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Electric Motor ‘Hairpin’ Processing Using Laser

Spatters of the welding process of hairpins.

Electric Motor ‘Hairpin’ Processing Using Laser

Laser technology provides a high level of flexibility and quality when processing hairpins for the electric motors. Article by TRUMPF.

(Above, left) Hairpin with PAI coating after blast off process. High edge quality and low pulse overlap as well as line overlap. (Above, right) A row of single pulses. (Bottom) Surface after ablation with blast off process. Single spots are visible. This can be reduced by using repetitions with a higher frequency and higher line overlap after decoating.

Nowadays, manufacturers of electric motors are also looking for more productive processes for volume quantities, with the same high-quality requirements when it comes to the welding result. An important impetus here is achieving a higher degree of automation to be able to produce higher quantities.

One method in the construction of stators has therefore largely prevailed: Instead of winding copper wire around the individual stator grooves, as was often the case before, manufacturers have started embedding rectangular copper rods—called “hairpins” due to their shape—into the entire groove using compressed air. The typical edge lengths of the rectangular cross section of the hairpins is between 2 and 4 mm. The process achieves higher process speeds and can easily be automated. As the hairpins are stiffer than round wires, their alignment in the motor can be better controlled. The larger fill factor also results in a higher thermal load capacity, and higher motor power.

The copper rods are coated with an insulating layer, which requires ablation at both ends locally—called hairpin stripping—to enable contacting. Pulsed laser processing is suitable here to strip the hairpins. Compared to mechanical processes, such as planing and milling, laser processing is up to 80 percent more productive. Once the hairpins have been embedded in the grooves, protruding ends on the top and bottom of the stator are twisted together using a fixture (necking) or fixed in place, and then welded for contacting. The ends are not always ideally aligned to each other, however. If you use automated remote welding, a camera-based sensor system integrated in the laser optics helps achieve a reliable and reproducible result, and therefore the highest possible current flow.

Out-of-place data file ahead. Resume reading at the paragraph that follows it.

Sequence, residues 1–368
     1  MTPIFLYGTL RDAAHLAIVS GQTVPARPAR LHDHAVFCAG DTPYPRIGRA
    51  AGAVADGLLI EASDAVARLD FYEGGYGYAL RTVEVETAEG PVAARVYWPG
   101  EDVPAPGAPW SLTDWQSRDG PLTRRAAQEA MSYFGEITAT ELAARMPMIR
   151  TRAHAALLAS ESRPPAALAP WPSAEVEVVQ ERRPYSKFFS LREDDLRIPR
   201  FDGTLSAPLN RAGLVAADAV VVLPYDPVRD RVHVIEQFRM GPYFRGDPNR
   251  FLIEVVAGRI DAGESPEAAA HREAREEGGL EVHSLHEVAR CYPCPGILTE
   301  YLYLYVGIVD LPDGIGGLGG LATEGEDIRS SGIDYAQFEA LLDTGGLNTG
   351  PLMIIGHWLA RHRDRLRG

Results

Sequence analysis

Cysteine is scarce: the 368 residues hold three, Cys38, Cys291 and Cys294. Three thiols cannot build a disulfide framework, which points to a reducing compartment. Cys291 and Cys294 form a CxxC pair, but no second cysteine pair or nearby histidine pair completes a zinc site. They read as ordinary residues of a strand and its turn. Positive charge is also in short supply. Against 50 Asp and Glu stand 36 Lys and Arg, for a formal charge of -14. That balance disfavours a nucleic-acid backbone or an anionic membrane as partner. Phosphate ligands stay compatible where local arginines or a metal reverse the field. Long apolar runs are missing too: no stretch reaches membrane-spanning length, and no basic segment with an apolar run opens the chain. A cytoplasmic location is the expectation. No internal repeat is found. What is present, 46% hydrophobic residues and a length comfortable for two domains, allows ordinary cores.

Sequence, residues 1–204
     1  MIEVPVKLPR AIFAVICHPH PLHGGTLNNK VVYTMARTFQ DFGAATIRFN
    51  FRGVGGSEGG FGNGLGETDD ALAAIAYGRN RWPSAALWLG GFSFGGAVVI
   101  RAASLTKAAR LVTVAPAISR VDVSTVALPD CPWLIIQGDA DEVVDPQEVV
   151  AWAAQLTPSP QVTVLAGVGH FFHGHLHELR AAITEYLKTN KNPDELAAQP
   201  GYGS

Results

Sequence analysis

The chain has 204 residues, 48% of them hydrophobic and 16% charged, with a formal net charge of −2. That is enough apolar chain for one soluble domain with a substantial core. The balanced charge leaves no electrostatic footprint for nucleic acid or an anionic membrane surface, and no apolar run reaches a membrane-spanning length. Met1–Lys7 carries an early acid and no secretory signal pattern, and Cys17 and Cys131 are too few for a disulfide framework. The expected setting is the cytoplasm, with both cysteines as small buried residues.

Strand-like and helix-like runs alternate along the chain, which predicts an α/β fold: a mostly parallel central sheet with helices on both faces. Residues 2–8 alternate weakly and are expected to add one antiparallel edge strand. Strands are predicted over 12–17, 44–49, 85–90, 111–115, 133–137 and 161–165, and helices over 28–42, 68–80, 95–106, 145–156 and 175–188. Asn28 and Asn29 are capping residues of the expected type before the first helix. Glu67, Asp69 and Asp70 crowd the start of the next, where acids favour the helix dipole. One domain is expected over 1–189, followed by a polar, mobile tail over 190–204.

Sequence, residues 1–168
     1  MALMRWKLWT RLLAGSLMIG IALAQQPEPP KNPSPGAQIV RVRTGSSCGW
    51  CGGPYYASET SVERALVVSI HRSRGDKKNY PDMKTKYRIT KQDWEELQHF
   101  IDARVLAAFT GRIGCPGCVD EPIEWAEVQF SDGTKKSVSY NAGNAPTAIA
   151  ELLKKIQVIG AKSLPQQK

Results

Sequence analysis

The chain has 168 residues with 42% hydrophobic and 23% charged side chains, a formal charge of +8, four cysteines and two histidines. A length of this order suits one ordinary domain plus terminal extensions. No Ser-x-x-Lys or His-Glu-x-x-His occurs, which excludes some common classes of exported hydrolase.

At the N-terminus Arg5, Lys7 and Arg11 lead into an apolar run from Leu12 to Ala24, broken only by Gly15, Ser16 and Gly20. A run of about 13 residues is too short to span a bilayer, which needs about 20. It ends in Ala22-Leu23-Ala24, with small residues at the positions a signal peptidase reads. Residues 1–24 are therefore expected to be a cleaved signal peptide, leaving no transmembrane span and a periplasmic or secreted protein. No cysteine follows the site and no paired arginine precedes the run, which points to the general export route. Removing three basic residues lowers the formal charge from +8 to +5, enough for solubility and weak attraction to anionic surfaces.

Stripping of Hairpins

Common insulating layers for copper hairpins are polyamide-imides (PAI), polyether ether ketone (PEEK), and polyamide-imides with polyimide foil (PAI+FEP).

In the past, PAI coatings were almost exclusively prevalent in the industry, but we are now seeing a tendency towards a steady increase in PEEK and PAI+FEP. However, PAI coatings still have, and are likely to have in the future, the largest share by far.

All of these insulation coatings can be burnt away from the copper quickly and in a targeted manner using laser pulse processing. The laser light couples into the insulating layer, heats it up, and burns it off. PEEK behaves as a volume absorber for laser light, anyway; for PAI and PAI+FEP, it is recommended that the first run over is used to carbonize the material in order to increase the absorption. The copper discolours due to the heat influence during laser ablation. This is not relevant for the further processing, however, as the structure of the copper is not changed. Burrs also form at the boundaries to the coated copper, which, in unfavourable circumstances, could lead to the burr becoming stuck on a surrounding component or fixture. The formation of burrs and edges can be optimized, however, through reworking using another femtosecond-pulsed laser.

Hairpin stripping can be done with different types of TRUMPF ns laser. Most common is the TruMicro 7000 series with a laser power of up to 2 kW (pulse energy 100 mJ) at a pulse repetition rate of 5 to 250 kHz and a pulse duration of 30 ns.

There are two stripping processes for the hairpins depending on the coating type: 

  • For coatings which are transparent to the laser a “blast off” process can be used. 
  • For non-transparent coatings an evaporation process is needed. 

Click here to read the full version of the article in the April 2020 issue of Asia Pacific Metalworking Equipment News.


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